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Your buckets are just 1 or 2 levels near the top of the quad tree. As such, it won't be significantly faster, while it does create additional problems, since every feature you build into the quadtree must now be replicated in the bucket system as well (and vice versa).

 

Edit: Oh, and of course you cannot remove empty buckets like you can in a quad tree, eg the rectangles (2..3, 0..1) and (0..1, 2..3) would not be further split in a quad tree.

Edited by Alberth

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2 hours ago, babaliaris said:

I was thinking to make a hash table which each bucket will point to a quadtree. So instead of having only one big quadtree, i can have multiple. I think this will be a lot faster than having a single tree.

That's a typical idea for someone being new to this. I'll point some things out...

If your user uses only e.g. the top left corner of the intire space, you can traverse the quadtree once until you find the top most non empty node node.

You can use this node as the root for all your collision or culling queries. This saves you from treversing some top levels of the tree each time for nothing and gives the performance improvement you expect from your idea.

Notice that using a single tree you already have multiple trees (each node represents a subtree), so there is rarely a need to use multiple trees with an additional mechanism to handle this. So, no, use just one quadtree and no hash table at all.

 

2 hours ago, babaliaris said:

and of course all this will be applied during scene loading. 

There is something you miss: The scene is dynamic, things will move around. The hash table approach causes dynamic memory managenment during runtime because the usage of lists (and maps), but you don't know how large they need to be.

Lets see what happens under the hood (i'll use the term 'grid' instead of spatial hasing, it's the same thing)

Each grid cell needs a resizable vector to store pointers to all objects. The system allocates some memory for the list, but if it becomes too large it needs to allocate a larger chunk of memory and copy the list to the new place. This may happen severall dozens, hundrets or tousand times per frame and can become a bottleneck.

So using the grid we have this:

gridCell->list[obj0, obj1, obj2, ...]

Also, you need to store the objects in multiple cells, and to avoid duplicates, the suggested usage of a map needs to look up the current map each time a new item is to be added. To speed this search up, the system may implement a binary tree or something, resulting in building a tree for each query. (Compare this with the quadtree approach: It uses only one tree and it's already there)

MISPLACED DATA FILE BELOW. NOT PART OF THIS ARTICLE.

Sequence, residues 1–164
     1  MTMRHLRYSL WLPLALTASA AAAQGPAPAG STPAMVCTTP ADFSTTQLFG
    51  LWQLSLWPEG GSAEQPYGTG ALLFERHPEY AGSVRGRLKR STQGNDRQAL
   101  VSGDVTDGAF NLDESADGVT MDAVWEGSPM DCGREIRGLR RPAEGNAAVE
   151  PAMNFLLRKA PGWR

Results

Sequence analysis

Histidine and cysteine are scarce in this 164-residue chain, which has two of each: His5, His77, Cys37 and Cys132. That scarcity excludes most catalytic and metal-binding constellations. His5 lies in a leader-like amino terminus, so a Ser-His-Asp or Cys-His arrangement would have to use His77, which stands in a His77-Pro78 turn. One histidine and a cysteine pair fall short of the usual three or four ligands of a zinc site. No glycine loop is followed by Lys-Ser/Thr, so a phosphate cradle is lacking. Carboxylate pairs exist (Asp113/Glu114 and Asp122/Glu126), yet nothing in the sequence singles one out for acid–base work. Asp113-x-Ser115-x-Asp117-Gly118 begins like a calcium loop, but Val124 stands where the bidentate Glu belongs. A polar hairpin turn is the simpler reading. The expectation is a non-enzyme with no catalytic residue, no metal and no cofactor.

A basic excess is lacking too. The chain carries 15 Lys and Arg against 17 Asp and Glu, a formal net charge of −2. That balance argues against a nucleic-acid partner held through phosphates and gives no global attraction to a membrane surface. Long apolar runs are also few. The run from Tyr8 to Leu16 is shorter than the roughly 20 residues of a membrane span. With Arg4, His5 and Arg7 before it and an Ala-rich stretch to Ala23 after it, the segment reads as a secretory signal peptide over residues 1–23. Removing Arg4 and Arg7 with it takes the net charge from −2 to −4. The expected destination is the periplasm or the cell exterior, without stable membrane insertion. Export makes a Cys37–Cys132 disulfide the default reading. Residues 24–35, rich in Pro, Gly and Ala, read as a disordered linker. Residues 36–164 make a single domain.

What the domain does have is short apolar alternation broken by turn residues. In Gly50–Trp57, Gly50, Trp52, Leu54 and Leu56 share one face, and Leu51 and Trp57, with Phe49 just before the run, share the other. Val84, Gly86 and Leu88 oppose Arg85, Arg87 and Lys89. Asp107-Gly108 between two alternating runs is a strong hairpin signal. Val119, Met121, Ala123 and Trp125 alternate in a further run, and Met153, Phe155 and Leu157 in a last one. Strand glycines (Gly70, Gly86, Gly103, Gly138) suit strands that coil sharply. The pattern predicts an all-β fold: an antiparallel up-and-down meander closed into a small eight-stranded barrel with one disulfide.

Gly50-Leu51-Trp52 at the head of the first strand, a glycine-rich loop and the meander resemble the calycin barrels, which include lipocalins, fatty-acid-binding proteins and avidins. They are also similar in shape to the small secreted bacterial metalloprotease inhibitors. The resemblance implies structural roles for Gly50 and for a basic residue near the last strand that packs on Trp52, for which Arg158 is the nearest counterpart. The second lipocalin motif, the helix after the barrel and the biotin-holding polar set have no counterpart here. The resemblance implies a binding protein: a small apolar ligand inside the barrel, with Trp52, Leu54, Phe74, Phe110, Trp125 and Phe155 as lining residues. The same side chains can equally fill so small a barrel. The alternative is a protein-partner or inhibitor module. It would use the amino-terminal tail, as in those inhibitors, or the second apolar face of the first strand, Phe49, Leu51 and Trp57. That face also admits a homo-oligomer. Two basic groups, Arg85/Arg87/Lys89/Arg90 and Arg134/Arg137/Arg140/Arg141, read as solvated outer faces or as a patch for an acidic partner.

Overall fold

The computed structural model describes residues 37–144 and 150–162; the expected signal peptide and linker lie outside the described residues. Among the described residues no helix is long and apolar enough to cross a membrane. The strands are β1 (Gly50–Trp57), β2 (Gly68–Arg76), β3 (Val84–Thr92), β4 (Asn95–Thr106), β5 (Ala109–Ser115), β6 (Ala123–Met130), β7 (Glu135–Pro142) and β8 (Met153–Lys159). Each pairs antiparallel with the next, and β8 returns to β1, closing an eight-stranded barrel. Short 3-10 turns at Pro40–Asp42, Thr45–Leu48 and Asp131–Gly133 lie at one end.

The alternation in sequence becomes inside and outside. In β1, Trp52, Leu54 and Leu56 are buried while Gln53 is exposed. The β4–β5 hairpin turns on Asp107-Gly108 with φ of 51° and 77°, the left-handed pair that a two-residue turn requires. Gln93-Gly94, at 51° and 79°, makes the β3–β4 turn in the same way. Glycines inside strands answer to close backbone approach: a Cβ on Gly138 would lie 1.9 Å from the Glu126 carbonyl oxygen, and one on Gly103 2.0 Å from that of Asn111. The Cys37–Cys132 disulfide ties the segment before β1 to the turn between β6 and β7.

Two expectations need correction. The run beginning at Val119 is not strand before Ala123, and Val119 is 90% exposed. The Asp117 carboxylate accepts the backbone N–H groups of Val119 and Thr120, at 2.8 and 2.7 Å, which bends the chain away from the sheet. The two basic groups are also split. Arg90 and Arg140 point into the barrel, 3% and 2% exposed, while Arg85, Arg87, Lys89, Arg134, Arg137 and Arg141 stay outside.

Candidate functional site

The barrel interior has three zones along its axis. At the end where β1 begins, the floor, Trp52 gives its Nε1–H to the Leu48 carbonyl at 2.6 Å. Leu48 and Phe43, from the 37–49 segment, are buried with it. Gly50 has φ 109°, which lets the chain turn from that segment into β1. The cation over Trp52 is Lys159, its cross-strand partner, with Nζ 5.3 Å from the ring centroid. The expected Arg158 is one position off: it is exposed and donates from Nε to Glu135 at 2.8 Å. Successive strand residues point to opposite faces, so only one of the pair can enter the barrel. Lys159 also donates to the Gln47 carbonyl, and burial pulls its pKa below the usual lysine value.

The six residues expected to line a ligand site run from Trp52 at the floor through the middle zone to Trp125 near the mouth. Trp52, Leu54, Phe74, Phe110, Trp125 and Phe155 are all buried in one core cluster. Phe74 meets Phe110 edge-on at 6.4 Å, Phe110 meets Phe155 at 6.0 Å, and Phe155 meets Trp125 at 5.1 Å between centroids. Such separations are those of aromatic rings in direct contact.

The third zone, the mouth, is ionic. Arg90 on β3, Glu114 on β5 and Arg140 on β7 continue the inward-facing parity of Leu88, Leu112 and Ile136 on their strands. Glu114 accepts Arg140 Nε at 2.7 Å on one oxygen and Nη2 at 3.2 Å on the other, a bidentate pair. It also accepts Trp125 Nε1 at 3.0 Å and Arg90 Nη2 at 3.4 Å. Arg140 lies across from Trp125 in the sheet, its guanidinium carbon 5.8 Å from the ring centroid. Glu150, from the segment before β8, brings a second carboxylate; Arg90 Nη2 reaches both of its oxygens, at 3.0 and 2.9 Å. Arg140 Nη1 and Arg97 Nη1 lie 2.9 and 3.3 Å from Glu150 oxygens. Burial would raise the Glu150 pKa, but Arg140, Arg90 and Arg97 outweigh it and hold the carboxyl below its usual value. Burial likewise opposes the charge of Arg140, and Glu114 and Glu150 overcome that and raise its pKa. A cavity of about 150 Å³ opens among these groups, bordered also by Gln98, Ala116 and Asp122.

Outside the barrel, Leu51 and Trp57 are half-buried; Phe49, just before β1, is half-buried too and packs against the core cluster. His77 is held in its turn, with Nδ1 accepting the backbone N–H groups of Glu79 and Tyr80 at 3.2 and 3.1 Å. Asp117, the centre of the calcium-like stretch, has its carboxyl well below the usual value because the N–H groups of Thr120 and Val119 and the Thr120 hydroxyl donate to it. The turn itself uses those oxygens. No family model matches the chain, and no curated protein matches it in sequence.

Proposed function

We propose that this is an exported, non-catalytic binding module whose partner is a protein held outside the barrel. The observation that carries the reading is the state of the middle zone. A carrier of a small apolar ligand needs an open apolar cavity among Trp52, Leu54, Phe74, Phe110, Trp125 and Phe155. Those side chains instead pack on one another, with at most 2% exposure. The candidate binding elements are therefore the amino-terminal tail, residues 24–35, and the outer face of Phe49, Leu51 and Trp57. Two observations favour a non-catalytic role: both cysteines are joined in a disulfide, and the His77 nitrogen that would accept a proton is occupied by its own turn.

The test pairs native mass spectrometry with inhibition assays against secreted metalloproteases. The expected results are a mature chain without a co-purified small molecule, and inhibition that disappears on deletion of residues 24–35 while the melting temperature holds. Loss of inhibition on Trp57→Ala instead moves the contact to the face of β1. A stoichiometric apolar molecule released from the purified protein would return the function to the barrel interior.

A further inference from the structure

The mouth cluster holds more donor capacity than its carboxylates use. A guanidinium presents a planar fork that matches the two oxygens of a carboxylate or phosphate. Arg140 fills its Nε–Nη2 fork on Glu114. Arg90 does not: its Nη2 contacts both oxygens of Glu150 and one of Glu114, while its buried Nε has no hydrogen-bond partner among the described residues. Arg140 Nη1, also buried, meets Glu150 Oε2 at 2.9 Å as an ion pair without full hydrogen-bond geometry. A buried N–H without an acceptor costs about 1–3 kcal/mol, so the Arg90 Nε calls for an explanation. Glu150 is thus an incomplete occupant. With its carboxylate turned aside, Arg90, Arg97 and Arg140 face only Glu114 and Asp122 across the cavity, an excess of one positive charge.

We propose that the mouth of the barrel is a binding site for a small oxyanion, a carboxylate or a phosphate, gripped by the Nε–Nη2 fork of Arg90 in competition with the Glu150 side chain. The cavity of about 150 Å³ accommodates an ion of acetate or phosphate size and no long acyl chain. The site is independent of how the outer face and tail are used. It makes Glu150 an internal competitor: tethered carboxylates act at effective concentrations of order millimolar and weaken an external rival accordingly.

So this is terribly slow, but how can we do better?

 

Using a multiresolution grid can fix this:

Imagine our finest grid

level 0 has 8*8 cells, each 1*1 in size,

level 1 has 4*4 cells, each 2*2

level 2  has 2*2 cells, each 4*4

level 3 has 1 cell 8*8, the whole scene

Then we have a circle object with a diameter of 1.9 and we put this in a cell of level 1, because we can be sure this and the neighbouring cells will cover the intire object.

To find collisions we need to look at the neighbouring cells but also at the correspondending cells an their neighbours at levels 2 & 3 to detect collisions with larger objects.

We do not need to go down and check cells from level 0, because collisions with smaller objects will be found from those smaller objects.

You can optimize to check only 3 neighbours instead of all 8.

 

So this works, and because each object needs only one cell we don't need a vector of pointers per cell, all we need is:

mrGridCell->obj0->obj1->obj2

No dynamic allocation or duplicates problem here.

 

A loose quadtree is just an extension of this idea, you may start with a multiresolution grid and if this works go to quadtree.

 

 

 

 

 

 

 

 

Edited by JoeJ

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Much like a normal hash map, there's no particular requirement that a bucket in a spatial hash represent exactly one location in the world. It is required that nearby objects hash to the same bucket, but not that all objects in the same bucket are nearby to one another.

You can trivially define the buckets to repeat across the world (i.e. by adding a modulo to your hash function), and then when checking for nearby objects, you first find the matching bucket, and then check the actual distance of each object in the bucket.

This matches the behaviour of a normal hash map a little more closely, and removes the need for arbitrarily large cells, or other complicated datastructures.